Customers scheduled to fly on All Nippon Airways’ B787 should be aware that they may face flight disruptions due to an engine problem that has forced the airline to ground the Dreamliner.

According to ANA, the compressor blades within the B787’s Rolls-Royce engine have shown corrosion after exposure to certain flying conditions.

The problem was first brought to light in February on a flight from Japan to Malaysia, then on another flight to Vietnam the following month, reports Fortune. Upon further investigation, ANA decided to cancel nine of its domestic B787 flights last Friday, with more cancellations likely to come.

While initial reports indicated that the problems would be resolved fairly soon, the Japanese airline has since told Reuters that it could take as long as three years to replace the faulty engine parts. The long-term ramifications of ANA’s B787 deployment schedule is still unknown.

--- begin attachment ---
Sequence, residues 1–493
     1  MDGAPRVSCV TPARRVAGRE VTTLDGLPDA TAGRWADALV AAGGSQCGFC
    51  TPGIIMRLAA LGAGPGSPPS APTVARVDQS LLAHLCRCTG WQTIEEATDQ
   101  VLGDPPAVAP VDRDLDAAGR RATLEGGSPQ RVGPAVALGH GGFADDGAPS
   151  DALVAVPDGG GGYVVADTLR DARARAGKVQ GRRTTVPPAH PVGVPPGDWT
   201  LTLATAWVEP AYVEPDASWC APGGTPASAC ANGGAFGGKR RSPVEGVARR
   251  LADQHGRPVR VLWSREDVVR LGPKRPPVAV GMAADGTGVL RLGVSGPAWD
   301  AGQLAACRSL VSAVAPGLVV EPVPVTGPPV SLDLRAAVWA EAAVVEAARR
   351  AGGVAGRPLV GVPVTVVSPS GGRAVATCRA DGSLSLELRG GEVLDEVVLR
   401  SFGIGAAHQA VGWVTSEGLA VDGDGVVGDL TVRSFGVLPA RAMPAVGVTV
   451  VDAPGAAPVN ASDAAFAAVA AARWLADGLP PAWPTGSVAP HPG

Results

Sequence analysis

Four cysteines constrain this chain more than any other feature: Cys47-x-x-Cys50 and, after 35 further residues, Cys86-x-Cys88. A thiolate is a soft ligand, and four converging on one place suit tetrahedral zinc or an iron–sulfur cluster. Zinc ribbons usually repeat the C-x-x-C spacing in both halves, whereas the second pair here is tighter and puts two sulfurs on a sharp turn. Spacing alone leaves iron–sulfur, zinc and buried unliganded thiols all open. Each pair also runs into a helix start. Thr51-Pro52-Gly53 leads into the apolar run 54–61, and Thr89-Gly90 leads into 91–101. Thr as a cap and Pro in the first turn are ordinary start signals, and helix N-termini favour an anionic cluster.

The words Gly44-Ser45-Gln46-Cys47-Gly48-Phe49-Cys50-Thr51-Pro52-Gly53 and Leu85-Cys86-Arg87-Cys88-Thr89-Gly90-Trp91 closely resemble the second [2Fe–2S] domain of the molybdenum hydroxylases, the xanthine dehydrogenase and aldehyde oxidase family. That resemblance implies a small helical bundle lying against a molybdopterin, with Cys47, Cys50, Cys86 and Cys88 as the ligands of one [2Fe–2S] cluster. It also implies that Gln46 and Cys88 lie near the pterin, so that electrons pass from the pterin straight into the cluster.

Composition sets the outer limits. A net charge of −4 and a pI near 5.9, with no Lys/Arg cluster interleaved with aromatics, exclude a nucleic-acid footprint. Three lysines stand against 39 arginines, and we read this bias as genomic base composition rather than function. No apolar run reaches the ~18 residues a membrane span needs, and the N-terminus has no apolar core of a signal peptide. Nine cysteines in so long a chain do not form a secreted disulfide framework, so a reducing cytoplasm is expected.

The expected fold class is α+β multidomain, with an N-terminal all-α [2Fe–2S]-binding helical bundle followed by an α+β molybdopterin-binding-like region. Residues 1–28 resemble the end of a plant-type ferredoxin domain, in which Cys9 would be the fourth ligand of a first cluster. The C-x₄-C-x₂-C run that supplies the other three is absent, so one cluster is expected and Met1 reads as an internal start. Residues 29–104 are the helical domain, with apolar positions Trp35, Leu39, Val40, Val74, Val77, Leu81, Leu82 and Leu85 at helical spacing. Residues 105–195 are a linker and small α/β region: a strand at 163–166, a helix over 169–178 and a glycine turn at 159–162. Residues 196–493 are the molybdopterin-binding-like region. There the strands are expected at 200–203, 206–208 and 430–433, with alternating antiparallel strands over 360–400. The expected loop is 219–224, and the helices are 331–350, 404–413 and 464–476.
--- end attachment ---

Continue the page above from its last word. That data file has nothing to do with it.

In response, a Boeing spokesperson told Fortune: “We are aware of the situation and are working with Rolls-Royce and ANA to resolve any issues impacting the airplanes in service.”

Rolls-Royce also delivered a similar statement but did not specify whether the problem had been found on B787s operated by other airlines.

The Star Alliance member is the biggest operator of the B787 with some 49 aircraft. Of the 445 Dreamliners in operation around the world, 168 feature Rolls-Royce engines. However, only ANA has decided to ground the aircraft. Fellow Japanese carrier JAL also operates a fleet of 30 B787s, but its Dreamliners are equipped with General Electric engines.

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Clement Huang